Amazon is not a consumer electronics company. Yes, the eccomerce giant has sold tens of millions of its own devices to customers. And yes, it has just launched a smart phone, but measuring Amazon by Samsung or Apple’s standards overlooks the most important thing about its business.
When Amazon launched its Kindle e-reader late in 2007, many analysts were sceptical. The e-books market had never lived up to the hype that surrounded it during the dotcom boom, so how could a retailer expect to compete as a device manufacturer, and in an entirely untried product category?
Amazon soon proved its critics wrong. Although it never releases official sales figures, analysis suggests that there are well over 50-million of its e-readers in current use. Although e-reader sales peaked in 2011 and are now falling, Amazon is making more money than ever from the platform.
How? Simple: an average Amazon customer who owns a Kindle device spends an estimated $1 233 per year with the online retailer, 56% more than a non-Kindle owner who spends $790. This is Amazon’s secret – these devices are a means to an end, not an end in themselves.
While the other players generate the majority of their profits from device sales, Amazon famously sells its devices at close to (or even below) cost. Its Kindle Fire tablets are less than half the price of its competitors’ products.
Jeff Bezos, Amazon’s mercurial founder, understands something that most of his competitors in the space struggle to: there are many customers who care less about the technology itself than its price and what it can actually do for them.
The devices he sells are a vector for delivering his real product: premium content. And Amazon doesn’t need to chase expensive 12- or 24-month upgrade cycles. If someone keeps a Kindle or Kindle Fire for five years, they are still spending money every year.
Amazon’s core customers are not style conscious youngsters or tech worshipping geeks, they are late adopters. They are price sensitive, nervous of new technology and generally uninterested in technical specifications. They don’t want a device that will revolutionise their lives – they want a convenient way to do what they already like doing: reading books, watching movies, surfing the web and playing games.
This means that while Apple, Samsung and HTC frantically cram more power and sex appeal into their new devices, Amazon’s devices can afford to be decidedly average in both power and looks. The technology on which they are built is essentially commoditised – usually at least 12 or even 24 months behind the cutting edge.
The newest member of the Amazon device family, the Fire Phone, seems to follow this pattern. Its stats are not particularly sexy, and neither are its looks. Apart from some novelties, such as a 3D user interface, it’s essentially the little brother to the Kindle Fire tablet range.
The company has made a lot of noise about a feature that allows you to point the phone’s camera at “any product” and instantly order said product from Amazon’s online store. It’s a gimmick and one that already exists on many other smartphones.
The Fire Phone diverges from the Amazon recipe in one very important respect: price. The phone will cost $200 on a two-year contract, or $650 without one. That puts it in the same bracket as premium devices such as Apple’s iPhone and Samsung’s blockbuster Galaxy series.
This is an odd time to change one’s pricing strategy. Unlike the e-reader and tablet markets, which were extremely open and fast-growing when Amazon entered them, the smartphone market is largely saturated and far more competitive. The heyday of its growth, three or four years ago, is now past.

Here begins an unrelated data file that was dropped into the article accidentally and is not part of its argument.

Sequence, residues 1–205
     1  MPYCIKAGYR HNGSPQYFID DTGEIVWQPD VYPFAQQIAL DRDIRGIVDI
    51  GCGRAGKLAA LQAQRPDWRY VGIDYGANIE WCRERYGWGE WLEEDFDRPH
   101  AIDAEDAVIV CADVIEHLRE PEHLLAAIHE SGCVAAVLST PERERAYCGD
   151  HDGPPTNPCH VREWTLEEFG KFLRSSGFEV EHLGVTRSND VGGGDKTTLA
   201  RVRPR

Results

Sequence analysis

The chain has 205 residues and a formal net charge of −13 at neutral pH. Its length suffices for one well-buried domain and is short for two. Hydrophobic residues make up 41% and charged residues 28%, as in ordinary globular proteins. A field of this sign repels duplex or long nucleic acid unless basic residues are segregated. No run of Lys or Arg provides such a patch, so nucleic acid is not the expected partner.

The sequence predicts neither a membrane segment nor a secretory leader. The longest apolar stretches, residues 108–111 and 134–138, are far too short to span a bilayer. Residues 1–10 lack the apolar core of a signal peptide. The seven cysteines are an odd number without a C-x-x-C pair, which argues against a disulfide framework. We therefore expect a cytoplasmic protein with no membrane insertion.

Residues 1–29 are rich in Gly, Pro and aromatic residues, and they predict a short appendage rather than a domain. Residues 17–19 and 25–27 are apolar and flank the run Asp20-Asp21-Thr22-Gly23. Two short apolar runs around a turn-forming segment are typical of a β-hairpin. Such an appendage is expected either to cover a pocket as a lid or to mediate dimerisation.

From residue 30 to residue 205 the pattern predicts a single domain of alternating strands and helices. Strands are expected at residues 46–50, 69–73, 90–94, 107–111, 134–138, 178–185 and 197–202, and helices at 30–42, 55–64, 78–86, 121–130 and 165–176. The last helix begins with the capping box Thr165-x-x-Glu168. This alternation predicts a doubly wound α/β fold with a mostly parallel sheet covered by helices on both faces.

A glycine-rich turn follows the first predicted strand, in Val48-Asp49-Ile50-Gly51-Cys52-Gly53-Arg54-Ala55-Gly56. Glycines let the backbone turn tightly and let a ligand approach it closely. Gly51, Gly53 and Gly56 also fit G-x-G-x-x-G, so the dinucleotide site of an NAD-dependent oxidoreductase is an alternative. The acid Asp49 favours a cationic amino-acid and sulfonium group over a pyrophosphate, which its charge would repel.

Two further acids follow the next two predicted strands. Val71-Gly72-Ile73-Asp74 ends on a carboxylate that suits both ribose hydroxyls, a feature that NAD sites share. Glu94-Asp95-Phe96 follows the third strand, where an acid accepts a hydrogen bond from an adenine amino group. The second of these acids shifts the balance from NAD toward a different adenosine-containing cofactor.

The smartphone market is also much more heavily influenced by the availability of apps. While tablets are primarily used for consumption, phones are utility devices. Because Amazon has chosen to heavily modify – or “fork” – Google’s Android operating system, the same apps will not work across both platforms.
This means developers need to spend time and money developing for yet another operating system; one with relatively few potential customers. As both BlackBerry and Nokia have learned to their detriment, many developers will be disinclined to do so.
Smartphones are not well suited to consuming the kind of content at which Amazon excels. People do read articles and watch videos on their phones, but these are normally in short form. Relatively few people in developed countries will choose to read an entire book or watch a feature film on their phones.
The people most likely to consume this kind of long form content on their phones are in developing countries such as India, Nigeria and Brazil. For these customers, their smartphone will be the first computing device they own. It is often their first screen – beating television (with its limited content) and computer screens (which they cannot afford).
But Amazon’s current price point is prohibitive to these customers. They might be willing to spend $100 or even $150 on a handset, but $650 might as well be $6 500. The customers who can afford the $650 probably already have an iPhone or Samsung Galaxy, and probably a tablet or computer as well.
Unless something radical changes, the Fire Phone is likely to prove a rare misstep for Bezos and the company he founded. It has arrived late to a market it thinks it understands.
Although it will have spent far less on research and development than its rivals, Amazon still needs to recover those costs. That implies selling several million units of the Fire Phone within the first year. But even late adopters, Amazon’s bread and butter, already have smartphones, and shifting them to another platform will be extremely difficult.
No, Amazon is not a consumer electronics company. It cares far less about selling devices than it does about reaching its customers. But unless it rethinks its current strategy, it is likely to be stuck with a lot of devices and not very many customers.